Fire experts say the leading day for house fires in America is Thanksgiving Day. Additionally, the U.S. Fire Administration states that there is nearly a twofold increase in open-flame fires on both Christmas Day and New Year’s Day.
Even worse, Christmas fire fatalities and property loss are both 34% more than typical. Lights, candles, greenery, and other bright decorations are all part of the holiday season. But regrettably, having so many festive items scattered throughout your house can also increase the risk of a fire.
It is simple to understand why late November through December is one of the busiest periods for house fires when you consider the additional cooking and baking that goes on during this time of the year.
Common Reasons for House Fires During Holidays
To help ensure a safe and enjoyable holiday season you should be aware of some of the main reasons why house fires start over the holidays and what you can do to avoid them. So let’s take a look.
During the holiday season, live Christmas trees are involved in one of the worst kinds of fires. Indoor trees can quickly catch fire and burst into flames if they are not properly hydrated and thus dry up. This type of fire can happen in a matter of seconds.
To avoid a Christmas tree fire:
- Consistently check that your tree is properly watered.
- When hanging lights on the tree, look for any electrical problems and replace any broken bulbs: If the light strings are damaged, torn, or exhibit other issues, don’t try to repair them. Instead, throw them away and purchase a fresh pair of lights.
- Shut off any heat sources that are near the tree.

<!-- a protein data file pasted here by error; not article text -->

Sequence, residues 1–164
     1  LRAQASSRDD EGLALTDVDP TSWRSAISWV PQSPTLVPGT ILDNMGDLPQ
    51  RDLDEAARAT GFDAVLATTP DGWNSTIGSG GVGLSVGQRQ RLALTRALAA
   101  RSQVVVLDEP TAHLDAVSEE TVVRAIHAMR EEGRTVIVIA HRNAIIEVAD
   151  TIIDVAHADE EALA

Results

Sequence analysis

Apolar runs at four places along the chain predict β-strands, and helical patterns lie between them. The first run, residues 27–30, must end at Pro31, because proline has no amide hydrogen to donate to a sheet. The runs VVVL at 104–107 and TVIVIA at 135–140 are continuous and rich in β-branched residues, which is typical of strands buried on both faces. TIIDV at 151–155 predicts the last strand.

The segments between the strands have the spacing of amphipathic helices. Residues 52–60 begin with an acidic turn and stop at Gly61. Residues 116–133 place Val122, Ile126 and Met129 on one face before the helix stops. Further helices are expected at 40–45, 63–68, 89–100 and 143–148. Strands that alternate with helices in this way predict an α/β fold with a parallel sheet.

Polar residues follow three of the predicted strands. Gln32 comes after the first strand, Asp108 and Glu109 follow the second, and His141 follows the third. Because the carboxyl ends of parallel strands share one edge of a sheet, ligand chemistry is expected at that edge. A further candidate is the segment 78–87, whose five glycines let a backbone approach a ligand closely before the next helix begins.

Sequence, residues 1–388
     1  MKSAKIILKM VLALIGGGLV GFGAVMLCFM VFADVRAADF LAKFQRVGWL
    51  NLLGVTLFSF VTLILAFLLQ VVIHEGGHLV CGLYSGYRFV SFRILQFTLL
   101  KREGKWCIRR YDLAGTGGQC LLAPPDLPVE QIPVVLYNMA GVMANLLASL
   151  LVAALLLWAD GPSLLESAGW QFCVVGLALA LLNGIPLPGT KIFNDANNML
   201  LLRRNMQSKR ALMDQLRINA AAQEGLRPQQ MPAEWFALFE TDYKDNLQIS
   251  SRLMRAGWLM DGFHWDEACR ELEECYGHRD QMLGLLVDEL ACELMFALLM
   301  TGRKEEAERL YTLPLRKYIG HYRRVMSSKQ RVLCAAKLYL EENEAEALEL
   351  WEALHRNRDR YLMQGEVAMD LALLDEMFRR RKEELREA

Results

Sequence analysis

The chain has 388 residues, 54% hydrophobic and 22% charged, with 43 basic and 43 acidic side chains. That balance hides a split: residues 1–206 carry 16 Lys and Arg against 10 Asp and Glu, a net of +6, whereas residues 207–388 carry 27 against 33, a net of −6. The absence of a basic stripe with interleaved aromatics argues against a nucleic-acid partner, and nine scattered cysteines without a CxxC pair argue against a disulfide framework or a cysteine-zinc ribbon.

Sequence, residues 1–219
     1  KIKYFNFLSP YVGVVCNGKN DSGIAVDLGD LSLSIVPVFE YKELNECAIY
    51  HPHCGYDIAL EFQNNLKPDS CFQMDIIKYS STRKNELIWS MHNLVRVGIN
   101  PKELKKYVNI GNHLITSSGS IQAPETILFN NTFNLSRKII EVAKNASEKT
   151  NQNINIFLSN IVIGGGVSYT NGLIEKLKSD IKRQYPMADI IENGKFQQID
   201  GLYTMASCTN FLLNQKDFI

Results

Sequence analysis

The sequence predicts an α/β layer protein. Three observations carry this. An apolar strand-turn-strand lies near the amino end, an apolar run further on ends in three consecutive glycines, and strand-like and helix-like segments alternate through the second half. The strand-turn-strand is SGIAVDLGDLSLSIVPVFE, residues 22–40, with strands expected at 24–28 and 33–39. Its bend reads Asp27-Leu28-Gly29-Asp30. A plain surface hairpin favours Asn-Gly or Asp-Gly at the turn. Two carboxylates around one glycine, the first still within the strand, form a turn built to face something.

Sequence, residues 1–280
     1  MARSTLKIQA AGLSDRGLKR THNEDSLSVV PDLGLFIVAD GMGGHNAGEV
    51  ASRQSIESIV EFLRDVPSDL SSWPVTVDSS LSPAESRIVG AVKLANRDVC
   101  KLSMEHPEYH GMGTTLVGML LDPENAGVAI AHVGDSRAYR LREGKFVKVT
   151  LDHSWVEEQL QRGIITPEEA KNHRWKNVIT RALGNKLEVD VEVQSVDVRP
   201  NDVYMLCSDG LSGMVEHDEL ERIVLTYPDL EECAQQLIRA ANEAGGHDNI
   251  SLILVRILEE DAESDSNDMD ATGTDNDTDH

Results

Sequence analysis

- Unplug your tree overnight and when you’re not home.
Also, when selecting a tree, go with the most recent tree you can find. The majority of the trees sold by typical merchants were already cut weeks earlier. Therefore, picking a reputable nursery or cutting your tree is the better option. Also, make sure an artificial tree is flame-resistant if you decide to utilize one. A freshly cut tree can drink one gallon of water in 24 hours. To ensure your tree stays hydrated, make sure the water level in the stand remains above the base of the tree and never drops too low. An appropriate stand should have the ability to hold one quart of water for every inch of its stem’s width.
It’s crucial to position your Christmas tree at a safe distance from heat sources, such as fireplaces and heating ducts, to avoid excessive drying and promote longevity. Connect your lights properly and only use permitted lighting. Pick lighting that has undergone testing from a reputable testing facility, such as Underwriters Laboratories (UL). It is recommended to limit the use of three or fewer light strands or extension cords that are connected. It is also recommended to use non-flammable ornaments. Avoid using pine cones and other combustible ornaments on your Christmas tree since they can give fuel to a fire.
Make sure all lights, extension cords, and other electrical wires are labeled particularly for outdoor use before stringing lights outdoors. When hanging lights on your property, use UL-rated clips and stay away from conventional staples and nails.
More safety tips for avoiding electrical fires during the holiday season include:
- Never combine several extension cables.